Private mortgage insurance (PMI) is an insurance policy that protects a lender that gives a mortgage to someone who has less than 20% of the purchase price to put down when buying the home. In the event that you were to default on mortgage payments this insurance policy is a way to protect the lender’s investment.
The private mortgage insurance payments are made monthly in conjunction to your monthly mortgage payments. The cost of private mortgage insurance will vary depending the loan amount and the down payment. Here is an example:
If you purhcase a home that is $200,000 and you have $15,000 to put down (7.5% of the sale price) your monthly mortgage payment would be roughly $884.00 and the PMI cost would be an additional $111.00 for a total of $995/month for your mortgage and PMI. This example does not include the additional cost of taxes and property insurance.
The purpose of PMI is to protect the lender in the event that you have a small down payment to put towards a home purchase. But before entering into a loan with PMI it’s important to understand what needs to be done to have the PMI removed.
According to the Consumer Financial Protection Bureau there are two ways to remove PMI.
When you receive your mortgage you will be given a date at which your mortgage amount will fall below 80% of the value of your home. If you are someone who has worked to make extra payments towards the principal balance of your loan, this date may come earlier then anticipated.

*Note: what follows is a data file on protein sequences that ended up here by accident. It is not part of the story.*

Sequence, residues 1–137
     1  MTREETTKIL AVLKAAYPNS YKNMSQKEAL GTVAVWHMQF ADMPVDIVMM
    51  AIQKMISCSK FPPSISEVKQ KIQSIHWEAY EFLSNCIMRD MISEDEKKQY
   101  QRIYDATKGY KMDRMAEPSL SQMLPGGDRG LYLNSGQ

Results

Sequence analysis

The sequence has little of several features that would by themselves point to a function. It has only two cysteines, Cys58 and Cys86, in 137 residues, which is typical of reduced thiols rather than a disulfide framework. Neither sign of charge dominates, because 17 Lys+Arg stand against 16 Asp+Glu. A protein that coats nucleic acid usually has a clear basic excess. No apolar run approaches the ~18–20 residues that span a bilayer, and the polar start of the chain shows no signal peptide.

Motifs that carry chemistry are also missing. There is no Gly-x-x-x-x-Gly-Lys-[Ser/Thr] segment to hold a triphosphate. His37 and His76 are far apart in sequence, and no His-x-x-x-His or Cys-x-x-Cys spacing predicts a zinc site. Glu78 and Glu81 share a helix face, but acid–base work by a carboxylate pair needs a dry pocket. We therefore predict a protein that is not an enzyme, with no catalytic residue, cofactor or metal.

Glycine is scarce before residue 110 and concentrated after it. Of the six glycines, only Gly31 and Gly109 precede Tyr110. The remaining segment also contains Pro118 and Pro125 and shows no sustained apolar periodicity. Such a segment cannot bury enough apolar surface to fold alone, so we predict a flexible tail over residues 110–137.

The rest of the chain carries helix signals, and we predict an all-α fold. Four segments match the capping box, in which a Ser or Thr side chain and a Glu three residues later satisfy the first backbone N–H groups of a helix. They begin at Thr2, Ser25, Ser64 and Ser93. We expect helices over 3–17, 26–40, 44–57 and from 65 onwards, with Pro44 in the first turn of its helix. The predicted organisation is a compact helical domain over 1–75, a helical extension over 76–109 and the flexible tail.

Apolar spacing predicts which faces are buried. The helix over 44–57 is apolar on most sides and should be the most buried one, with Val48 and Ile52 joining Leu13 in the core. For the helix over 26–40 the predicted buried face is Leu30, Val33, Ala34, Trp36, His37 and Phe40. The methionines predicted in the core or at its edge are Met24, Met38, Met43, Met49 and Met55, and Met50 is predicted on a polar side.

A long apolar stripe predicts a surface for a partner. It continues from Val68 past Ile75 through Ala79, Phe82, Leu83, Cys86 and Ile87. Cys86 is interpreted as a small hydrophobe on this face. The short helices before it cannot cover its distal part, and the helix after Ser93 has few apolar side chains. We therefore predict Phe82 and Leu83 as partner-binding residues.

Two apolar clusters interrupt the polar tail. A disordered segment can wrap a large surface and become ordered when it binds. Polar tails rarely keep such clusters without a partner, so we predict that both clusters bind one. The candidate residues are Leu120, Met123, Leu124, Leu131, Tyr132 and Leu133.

In order to remove the private mortgage insurance early you will be required to:
Providing you meet these requirements it should be no problem to cancel the PMI on your mortgage.
When your loan amount falls below 78% of your home value according to the terms listed in your original mortgage contract you will no longer have to pay PMI and it should be dropped from your monthly payment by your lender. If you wait until the agreement matures it will not be necessary to prove value with an appraisal. However if you are not in good standing with your lender and have fallen behind on payments the PMI will not be removed until after you’ve caught up on payments and are in good standing.
It is important to note that the terms of your PMI agreement will differ depending on the type of loan you get. For example a Veterans Affairs (VA) or Federal Housing Administration (FHA) loan will have their own rules and requirements for PMI.
If you are looking to buy a home make sure you work with your lender to obtain a pre-qualification and communicate how big you anticipate your down payment to be. They can explain your options and the most current private mortgage insurance facts.
At Title Mortgage we understand that not everyone has a 20% down payment towards their first home. That’s why we offer a variety of mortgage solutions for every type of buyer and we are committed to working closely with you to determine the best option for you! Contact us today at 603-643-1400.